Kreisler performed in a series of performances in Bar Harbor with the famed pianist Ernest Schelling. Tickets were exclusive ($15 for the series) and the concerts were hugely successful. A year later Schelling composed a violin concerto for Kreisler, which Kreisler played often throughout the rest of his career.

Kreisler moved back to Europe in 1924 where he stayed until World War II. He returned to the U.S. and gave his last public performance in 1947, the same year the fire ravaged the Building of the Arts and Mount Desert Island. He died in 1962 from injuries sustained in an automobile accident in New York City and is interred in a private mausoleum in the Bronx. The innovation he brought to classical performance lives on in the few recordings of his music that survive.


Bar Harbor Casino

A Play at the Bar Harbor Casino
A Play at the Bar Harbor Casino

Item Contributed by
Bar Harbor Historical Society
Lillian Gish at the Bar Harbor Playhouse
Lillian Gish at the Bar Harbor Playhouse

Item Contributed by
Northeast Harbor Library

The Building of the Arts was not the only place on Mount Desert Island to go for leisure, fun, and entertainment during this era. John J. Emery, an aristocrat based in Cincinnati, Ohio, with ties to the Bar Harbor area, agreed to contribute between $30,000 and $40,000 toward the construction of a Casino in 1900. This Casino was not intended for gambling but rather as a venue for theater, sporting events, dances, concerts, town meetings, graduations, and other community functions. In its prime it was the host for an inordinately wide array of spectacles.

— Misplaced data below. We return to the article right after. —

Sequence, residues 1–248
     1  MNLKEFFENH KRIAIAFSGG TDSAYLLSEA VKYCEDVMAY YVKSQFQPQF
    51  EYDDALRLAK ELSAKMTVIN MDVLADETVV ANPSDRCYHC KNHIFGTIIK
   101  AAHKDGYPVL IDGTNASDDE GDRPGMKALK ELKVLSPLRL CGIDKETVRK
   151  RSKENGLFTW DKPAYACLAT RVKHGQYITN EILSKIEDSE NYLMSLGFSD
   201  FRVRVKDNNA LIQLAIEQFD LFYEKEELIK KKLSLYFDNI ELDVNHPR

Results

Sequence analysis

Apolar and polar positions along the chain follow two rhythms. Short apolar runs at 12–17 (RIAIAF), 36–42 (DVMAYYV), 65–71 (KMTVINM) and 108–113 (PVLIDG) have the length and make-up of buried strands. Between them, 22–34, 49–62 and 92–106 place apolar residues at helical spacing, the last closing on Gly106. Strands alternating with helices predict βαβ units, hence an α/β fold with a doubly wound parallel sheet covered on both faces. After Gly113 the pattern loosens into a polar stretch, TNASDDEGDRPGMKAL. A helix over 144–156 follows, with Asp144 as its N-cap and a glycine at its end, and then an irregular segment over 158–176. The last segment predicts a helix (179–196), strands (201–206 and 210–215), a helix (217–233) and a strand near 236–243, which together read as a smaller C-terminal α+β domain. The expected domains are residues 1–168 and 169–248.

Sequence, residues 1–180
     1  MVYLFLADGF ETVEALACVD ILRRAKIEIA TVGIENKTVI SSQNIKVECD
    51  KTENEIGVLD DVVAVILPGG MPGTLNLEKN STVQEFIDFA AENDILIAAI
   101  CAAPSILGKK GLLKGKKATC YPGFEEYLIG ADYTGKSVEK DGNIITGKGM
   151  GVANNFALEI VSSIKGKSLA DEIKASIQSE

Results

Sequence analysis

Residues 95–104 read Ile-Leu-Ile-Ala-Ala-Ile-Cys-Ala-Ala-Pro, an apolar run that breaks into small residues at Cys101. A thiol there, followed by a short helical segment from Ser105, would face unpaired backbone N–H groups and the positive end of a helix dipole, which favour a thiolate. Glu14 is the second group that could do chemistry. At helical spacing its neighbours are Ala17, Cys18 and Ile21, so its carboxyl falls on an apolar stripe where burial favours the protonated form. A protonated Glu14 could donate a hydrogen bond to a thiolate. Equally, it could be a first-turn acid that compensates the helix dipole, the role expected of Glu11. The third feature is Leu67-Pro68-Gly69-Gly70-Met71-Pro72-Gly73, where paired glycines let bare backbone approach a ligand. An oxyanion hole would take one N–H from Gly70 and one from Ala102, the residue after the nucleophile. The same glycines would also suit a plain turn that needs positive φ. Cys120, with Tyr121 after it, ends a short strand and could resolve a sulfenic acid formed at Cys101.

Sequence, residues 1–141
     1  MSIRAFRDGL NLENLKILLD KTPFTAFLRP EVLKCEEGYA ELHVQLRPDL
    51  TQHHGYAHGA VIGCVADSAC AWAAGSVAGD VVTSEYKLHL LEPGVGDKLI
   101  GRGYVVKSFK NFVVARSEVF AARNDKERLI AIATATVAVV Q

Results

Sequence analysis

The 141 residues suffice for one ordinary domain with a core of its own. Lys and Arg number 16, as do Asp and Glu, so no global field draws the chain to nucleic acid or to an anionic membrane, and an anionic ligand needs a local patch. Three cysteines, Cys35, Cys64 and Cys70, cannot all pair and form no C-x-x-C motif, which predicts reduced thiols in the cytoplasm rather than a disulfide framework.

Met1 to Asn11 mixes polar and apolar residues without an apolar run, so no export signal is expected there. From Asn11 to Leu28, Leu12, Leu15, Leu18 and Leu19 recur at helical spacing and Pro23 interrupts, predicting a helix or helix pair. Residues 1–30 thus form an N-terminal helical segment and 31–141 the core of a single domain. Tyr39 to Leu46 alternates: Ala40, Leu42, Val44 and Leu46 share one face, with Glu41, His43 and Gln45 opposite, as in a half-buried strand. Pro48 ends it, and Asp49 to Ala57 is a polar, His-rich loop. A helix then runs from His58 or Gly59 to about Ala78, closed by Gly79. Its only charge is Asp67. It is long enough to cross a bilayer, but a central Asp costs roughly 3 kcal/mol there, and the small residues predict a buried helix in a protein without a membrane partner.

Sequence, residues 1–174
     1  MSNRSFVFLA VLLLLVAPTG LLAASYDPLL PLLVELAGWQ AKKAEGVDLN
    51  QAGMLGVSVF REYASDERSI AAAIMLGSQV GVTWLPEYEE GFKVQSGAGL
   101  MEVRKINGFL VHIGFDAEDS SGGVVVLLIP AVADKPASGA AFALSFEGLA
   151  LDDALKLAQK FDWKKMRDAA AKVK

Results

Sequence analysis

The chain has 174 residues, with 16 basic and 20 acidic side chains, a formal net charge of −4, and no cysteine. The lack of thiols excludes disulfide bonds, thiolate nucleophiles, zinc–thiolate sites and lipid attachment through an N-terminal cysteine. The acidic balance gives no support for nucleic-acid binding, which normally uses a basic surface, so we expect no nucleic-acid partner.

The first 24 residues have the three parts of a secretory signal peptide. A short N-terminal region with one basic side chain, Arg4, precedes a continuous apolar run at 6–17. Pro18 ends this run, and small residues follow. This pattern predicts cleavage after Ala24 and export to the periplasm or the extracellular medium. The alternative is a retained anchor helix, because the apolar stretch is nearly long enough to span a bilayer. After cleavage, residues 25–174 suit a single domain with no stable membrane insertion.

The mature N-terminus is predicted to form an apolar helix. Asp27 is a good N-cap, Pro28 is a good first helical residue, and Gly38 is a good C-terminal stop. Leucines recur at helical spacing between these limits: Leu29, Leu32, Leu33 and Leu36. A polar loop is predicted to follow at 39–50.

In summer, the Casino transformed itself into the Bar Harbor Playhouse which brought in many popular local and touring productions including an appearance by the legendary actress Lillian Gish in The Marquise. The Casino remained active for many decades until it was torn down in 1970. It had a tremendous impact on the local community and also played a significant role in the transformation of Bar Harbor into a major summer resort destination for the middle classes.


Ruth Draper

Ruth Draper
Ruth Draper

One of the most notable performers to come to Mount Desert Island in the early part of the 20th century was Ruth Draper, a distinguished actress and dramatist whose illustrious career spanned from 1916 through the 1950s. She performed on many occasions and in many locations on and around the island, creating quite a stir whenever she was in town.

Born in New York City in 1884, Draper's Broadway debut at the age of 32 put her on the map as a skilled monologist and actress. Her work was lauded by many writers and performing artists in her time, including Thornton Wilder, Katharine Hepburn, Laurence Olivier, and George Bernard Shaw, and her work endures today. She is often referenced as a seminal influence in the work of contemporary performing artists and writers such as Lily Tomlin, Tom Waits, Emma Thompson, and David Mamet.